Strategies for Merging Recordkeeping Systems: The Critical Role That Records Play in Business Operations Demands That Acquired Records Be Thoroughly Assessed and Their Integrity Assured before Their Conversion and Deployment to a New System
Pearce, Jason, Resnik, Bernadette, Information Management
Corporate mergers, acquisitions, and divestitures play an increasingly prominent role in today's business world. Large-scale operational assets change hands as corporations realign their organizational structure and operational scope to better meet the needs of customers and shareholders. In acquiring another company's operations, the purchasing company will also need recorded evidence of the business activities that kept those operations going. These business records may be in either physical (e.g., paper) or electronic format, and their volume can be enormous.
Acquiring records from a major business acquisition is often treated as an afterthought to legal, financial, and other due diligence exercises, focusing on little more than finding space in shelves, cabinets, or file servers. This perspective overlooks the critical role that records play in a company's business operations.
As essential business information, records directly participate in the transactions and decisions that make up the company's daily business activities. Meanwhile, records provide evidence of those same activities, giving them a level of risk or liability comparable to that of the activities themselves. Failing to properly care for and respect records, then, can result in significant corporate compliance risks as well as interfere with a company's ability to fully capitalize on an important acquisition investment. It is therefore of the utmost importance to address records management issues before, during, and after the acquisition.
BEFORE: Audit the Records To Be Acquired
A full audit of the selling company's records holdings and practices reveals risks and opportunities for the buyer to better maximize its investment. Such an audit is most effective if performed before I the final decision to proceed, though this is not always feasible given the extreme sensitivity that can surround corporate-level negotiations.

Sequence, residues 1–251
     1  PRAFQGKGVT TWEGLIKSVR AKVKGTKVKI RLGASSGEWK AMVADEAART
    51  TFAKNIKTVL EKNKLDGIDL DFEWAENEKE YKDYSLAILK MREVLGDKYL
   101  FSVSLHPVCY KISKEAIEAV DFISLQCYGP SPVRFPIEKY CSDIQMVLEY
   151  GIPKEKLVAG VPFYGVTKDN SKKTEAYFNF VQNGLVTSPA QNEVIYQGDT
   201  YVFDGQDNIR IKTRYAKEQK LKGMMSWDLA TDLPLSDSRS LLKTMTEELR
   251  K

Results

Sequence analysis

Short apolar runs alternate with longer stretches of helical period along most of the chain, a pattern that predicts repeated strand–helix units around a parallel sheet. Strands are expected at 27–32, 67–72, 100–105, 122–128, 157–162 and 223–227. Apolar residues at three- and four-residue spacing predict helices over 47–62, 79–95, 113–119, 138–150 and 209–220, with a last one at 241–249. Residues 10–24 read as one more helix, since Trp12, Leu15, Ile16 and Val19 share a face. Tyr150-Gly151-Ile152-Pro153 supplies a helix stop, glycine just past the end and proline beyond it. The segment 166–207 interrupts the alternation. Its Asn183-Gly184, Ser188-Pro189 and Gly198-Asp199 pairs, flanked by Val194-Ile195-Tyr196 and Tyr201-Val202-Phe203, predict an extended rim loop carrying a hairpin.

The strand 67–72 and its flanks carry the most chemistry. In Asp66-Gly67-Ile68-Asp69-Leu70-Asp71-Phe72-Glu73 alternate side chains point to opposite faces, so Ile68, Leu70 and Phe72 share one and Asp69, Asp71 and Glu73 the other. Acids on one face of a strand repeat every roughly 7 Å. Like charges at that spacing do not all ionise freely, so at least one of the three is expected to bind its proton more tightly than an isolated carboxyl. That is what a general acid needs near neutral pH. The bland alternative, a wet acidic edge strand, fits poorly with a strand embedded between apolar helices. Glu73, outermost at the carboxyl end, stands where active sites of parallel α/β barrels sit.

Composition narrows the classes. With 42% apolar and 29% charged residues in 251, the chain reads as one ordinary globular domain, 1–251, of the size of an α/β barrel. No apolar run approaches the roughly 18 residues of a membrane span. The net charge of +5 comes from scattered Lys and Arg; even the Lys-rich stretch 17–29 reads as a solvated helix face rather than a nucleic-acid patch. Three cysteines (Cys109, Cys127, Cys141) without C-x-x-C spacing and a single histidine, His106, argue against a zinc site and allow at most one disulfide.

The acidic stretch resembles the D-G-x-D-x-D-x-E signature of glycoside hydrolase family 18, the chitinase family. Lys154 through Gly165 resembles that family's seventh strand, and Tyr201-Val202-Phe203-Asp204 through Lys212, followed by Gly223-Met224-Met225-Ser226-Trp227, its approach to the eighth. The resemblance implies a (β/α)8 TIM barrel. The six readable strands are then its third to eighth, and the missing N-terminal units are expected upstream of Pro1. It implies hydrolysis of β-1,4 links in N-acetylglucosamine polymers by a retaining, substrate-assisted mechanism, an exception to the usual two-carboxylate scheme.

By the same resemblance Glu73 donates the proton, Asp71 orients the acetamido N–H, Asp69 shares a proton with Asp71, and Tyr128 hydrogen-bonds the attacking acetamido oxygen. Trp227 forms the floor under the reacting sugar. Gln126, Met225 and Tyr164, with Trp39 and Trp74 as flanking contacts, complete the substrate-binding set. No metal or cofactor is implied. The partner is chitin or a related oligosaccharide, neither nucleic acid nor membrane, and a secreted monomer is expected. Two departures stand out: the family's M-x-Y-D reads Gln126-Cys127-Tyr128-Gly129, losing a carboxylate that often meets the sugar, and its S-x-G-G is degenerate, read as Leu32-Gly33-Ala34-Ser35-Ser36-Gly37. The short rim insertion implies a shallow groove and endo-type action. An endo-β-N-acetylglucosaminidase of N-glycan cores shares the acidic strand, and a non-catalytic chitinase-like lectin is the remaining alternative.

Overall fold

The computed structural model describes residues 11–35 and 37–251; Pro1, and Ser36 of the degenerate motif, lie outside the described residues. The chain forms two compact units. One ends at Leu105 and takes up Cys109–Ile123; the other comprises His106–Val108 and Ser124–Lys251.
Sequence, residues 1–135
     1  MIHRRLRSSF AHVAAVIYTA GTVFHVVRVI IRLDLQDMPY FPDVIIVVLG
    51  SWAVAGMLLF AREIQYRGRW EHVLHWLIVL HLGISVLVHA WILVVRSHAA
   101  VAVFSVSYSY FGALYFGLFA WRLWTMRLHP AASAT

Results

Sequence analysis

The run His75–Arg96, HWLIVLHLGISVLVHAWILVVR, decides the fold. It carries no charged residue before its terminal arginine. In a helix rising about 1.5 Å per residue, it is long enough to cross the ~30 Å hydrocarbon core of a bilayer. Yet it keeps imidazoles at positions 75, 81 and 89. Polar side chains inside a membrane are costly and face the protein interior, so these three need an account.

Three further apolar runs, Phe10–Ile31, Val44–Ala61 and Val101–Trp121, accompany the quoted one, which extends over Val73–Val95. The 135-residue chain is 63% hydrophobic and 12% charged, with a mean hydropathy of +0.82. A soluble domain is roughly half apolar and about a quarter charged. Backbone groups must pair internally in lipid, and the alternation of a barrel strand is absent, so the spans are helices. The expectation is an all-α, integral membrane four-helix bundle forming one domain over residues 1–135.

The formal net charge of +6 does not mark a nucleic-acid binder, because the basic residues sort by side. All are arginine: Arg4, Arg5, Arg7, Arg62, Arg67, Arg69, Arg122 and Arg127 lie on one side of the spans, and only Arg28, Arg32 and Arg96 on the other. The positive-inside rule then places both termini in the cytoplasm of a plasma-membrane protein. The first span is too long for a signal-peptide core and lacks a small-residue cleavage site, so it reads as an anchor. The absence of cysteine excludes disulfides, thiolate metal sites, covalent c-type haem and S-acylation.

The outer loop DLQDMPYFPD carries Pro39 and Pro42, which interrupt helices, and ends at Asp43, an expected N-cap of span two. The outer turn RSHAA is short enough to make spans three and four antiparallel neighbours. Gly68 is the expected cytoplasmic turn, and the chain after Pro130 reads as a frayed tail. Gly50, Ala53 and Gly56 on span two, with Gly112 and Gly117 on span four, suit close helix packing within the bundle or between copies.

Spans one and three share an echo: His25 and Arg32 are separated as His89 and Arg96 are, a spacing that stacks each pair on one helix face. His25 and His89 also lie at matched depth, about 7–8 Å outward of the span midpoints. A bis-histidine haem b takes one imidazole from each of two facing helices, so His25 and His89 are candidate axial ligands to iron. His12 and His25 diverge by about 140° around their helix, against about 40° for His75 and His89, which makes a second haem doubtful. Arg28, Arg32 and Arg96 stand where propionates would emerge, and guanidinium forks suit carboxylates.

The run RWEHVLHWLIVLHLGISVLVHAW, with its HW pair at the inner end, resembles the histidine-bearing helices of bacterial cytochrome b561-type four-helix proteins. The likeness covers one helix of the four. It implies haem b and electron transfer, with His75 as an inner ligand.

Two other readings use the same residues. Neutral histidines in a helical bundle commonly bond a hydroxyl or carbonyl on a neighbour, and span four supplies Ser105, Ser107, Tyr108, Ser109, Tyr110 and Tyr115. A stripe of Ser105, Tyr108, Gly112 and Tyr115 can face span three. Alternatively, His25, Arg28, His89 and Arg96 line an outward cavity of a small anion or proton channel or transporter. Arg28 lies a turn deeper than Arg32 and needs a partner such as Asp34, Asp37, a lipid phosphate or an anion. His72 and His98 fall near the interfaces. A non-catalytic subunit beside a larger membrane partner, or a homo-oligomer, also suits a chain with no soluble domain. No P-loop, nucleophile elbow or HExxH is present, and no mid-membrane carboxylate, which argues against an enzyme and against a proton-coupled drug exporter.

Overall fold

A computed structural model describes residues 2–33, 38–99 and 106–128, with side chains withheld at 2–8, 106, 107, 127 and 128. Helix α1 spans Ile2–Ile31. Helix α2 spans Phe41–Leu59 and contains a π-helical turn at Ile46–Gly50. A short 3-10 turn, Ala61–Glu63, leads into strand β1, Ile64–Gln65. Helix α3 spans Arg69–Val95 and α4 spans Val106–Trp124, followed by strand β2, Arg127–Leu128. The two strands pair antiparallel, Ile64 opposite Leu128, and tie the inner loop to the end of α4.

Some companies perform a records management audit after the major decisions have been made, but before the final details of I the acquisition have been worked out. Issues that may be brought to light during a preliminary records audit include:
1. Documentation and Retention Requirements: Any business acquired by another company will be subject to a host of legal requirements, ranging from broad-based business laws to detailed technical regulations. Many of these laws and regulations will state which records must be retained and for how long. Others imply a records retention period by limiting legal liability to a certain period of time--records must be retained in case of legal action, which can occur during that time period. Still other requirements may prescribe which documents must be kept in a given file, or even which specific data dements must be included within the individual document.
With so many diverse requirements affecting records retention, companies should examine whether the records they are acquiring meet those requirements. Look first at overall collections: Do the records of given business activities go back far enough to meet the requirements of laws and regulations affecting those activities? Where records have been destroyed, were they disposed of according to a records retention schedule, with sign-off by designated authorities?
Next, focus on samples from key collections. Are all of the specific documents required by regulators present? If not, can they be recovered with reasonable effort from internal and external sources? What level of risk is associated with not having the missing documents?
2. Privacy Compliance: Depending on where a company operates, it will need to follow one or more sets of rules for what it does with personal information about employees, customers, and other individuals. Canada's Personal Information Protection and Electronic Documents Act, the United States' Health Insurance Portability and Accountability Act, and the European Union's Data Protection Directive are just a few examples of current legislation requiring organizations to protect privacy. …